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The Rise and Fall of the Orange Free State and Transvaal in Southern Africa

The Orange Free State and the Transvaal (officially the South African Republic) were independent countries in southern Africa in the 19th century established largely by Dutch/Afrikaans-speaking settlers known as the Boers (Boer translates to “farmer” in Dutch). Occupying areas in what is today South Africa, the Boers of the 19th century were pastoral and religiously-oriented, and they excluded indigenous people from participation in the church and state. Together, these countries were referred to as the Boer Republics, which lasted some fifty years until 1902, when they were defeated in the Boer Wars, which also may be referred to as the Anglo-Boer Wars, South African Wars, among other names.

Dutch colonization of the region has its roots in the Dutch East India Company, which first established the Dutch Cape Colony, centered on the Cape of Good Hope and present-day Cape Town, in the 17th century as a re-supply port for trading vessels. In 1795, British forces invaded and took control, thereby establishing the Cape Colony under British dominion. By this time, some Dutch settlers and others (at this point, referred to as Boers) had migrated further inland to maintain their pastoral livelihoods. Beginning in the 1830s, a greater wave of migration, known as the “Great Trek,” saw thousands of Boers migrating eastward, further from the British controlled Cape Colony. A number of factors influenced the Boers’ tensions with the British that spurred the Great Trek, including the British abolition of slavery in 1833, onerous taxation, cultural differences, and others. Out of this migration, the Boer Republics were established in the 1850s. However, continued tensions, including the discovery of gold and diamonds in Boer territory (making the republics the richest in southern Africa), would soon spark war with their British colonial neighbors.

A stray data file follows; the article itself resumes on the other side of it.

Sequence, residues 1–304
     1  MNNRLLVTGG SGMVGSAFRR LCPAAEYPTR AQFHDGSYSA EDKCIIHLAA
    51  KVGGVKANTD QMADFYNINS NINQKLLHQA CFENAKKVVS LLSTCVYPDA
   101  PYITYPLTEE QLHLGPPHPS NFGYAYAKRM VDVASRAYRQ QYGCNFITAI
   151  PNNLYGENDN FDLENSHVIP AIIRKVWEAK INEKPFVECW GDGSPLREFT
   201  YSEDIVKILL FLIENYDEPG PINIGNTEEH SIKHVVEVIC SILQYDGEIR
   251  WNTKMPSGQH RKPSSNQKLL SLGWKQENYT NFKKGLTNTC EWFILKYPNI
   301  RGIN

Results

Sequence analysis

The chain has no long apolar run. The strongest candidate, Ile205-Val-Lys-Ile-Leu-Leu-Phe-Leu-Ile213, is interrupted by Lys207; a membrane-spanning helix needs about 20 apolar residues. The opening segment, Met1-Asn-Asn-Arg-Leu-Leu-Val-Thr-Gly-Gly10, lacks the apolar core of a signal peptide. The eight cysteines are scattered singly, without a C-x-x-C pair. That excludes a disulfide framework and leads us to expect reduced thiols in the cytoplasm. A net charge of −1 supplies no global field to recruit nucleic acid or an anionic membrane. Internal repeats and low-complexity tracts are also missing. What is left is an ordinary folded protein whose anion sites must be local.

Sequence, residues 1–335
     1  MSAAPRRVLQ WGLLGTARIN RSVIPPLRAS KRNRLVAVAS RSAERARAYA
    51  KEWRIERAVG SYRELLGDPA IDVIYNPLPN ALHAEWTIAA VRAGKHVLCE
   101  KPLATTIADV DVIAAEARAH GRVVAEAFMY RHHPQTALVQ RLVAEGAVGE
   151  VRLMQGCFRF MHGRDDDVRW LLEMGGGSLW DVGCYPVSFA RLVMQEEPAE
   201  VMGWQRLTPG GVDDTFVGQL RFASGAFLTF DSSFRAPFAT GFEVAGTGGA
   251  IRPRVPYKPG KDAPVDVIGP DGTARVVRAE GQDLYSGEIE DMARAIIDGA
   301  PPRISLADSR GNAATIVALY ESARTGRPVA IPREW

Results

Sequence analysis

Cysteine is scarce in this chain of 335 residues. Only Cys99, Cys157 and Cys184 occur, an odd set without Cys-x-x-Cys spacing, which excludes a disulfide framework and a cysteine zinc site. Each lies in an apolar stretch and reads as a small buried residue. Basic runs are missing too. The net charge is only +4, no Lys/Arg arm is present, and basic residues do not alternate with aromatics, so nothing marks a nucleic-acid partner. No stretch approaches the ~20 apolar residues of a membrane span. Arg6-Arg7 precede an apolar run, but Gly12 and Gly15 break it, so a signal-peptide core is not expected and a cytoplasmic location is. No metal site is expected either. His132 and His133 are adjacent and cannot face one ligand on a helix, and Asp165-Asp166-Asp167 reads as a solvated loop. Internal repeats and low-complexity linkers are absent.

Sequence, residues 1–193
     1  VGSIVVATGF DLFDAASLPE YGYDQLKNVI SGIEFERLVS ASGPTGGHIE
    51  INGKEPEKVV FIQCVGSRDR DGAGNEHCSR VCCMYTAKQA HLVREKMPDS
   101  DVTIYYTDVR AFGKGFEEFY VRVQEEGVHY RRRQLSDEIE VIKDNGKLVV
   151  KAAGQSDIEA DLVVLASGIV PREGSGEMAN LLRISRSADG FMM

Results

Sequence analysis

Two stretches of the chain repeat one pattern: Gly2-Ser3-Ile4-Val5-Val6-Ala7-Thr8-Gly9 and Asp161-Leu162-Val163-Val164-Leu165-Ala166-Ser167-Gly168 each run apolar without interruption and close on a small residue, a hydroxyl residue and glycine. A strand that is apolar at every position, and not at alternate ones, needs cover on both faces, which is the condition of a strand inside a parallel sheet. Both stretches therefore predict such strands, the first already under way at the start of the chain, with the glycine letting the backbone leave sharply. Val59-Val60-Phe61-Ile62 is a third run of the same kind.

Map of Boer Republics in relation to neighboring colonial possessions.

“Map of South Africa, Showing the Seat of War between Great Britain and the Dutch Republics,” Chicago Record Newspaper, nd. Geography and Map Division, Library of Congress.

The Boer Wars were fought from 1880 to 1881 and from 1899 to 1902. When fighting the more powerful and numerically superior British forces, the Boers employed a non-conventional, highly mobile style of fighting from which the word “commando” has its origins. Nevertheless, the map above, which appeared in the Chicago Record newspaper during the conflict, illustrates the Boer Republics’ precarious strategic situation. The republics were landlocked and surrounded by rival groups: Portuguese East Africa and the then-autonomous Swaziland to the east, and British colonial possessions to the north, south, and west. The map’s creators stated that “news of the war between Great Britain and the Dutch Republics of South Africa is received by cable daily from our correspondents at Cape Town, Pretoria, and Durban, Natal. It is the only Chicago paper which has its own correspondents at the seat of war.” At the time, undersea cables were the conduit of high-speed global communication. The map is a testament to both the political situation in 1899 in southern Africa and to how newspaper reporters gathered information in the field and communicated to a home base, which sometimes was on a different continent.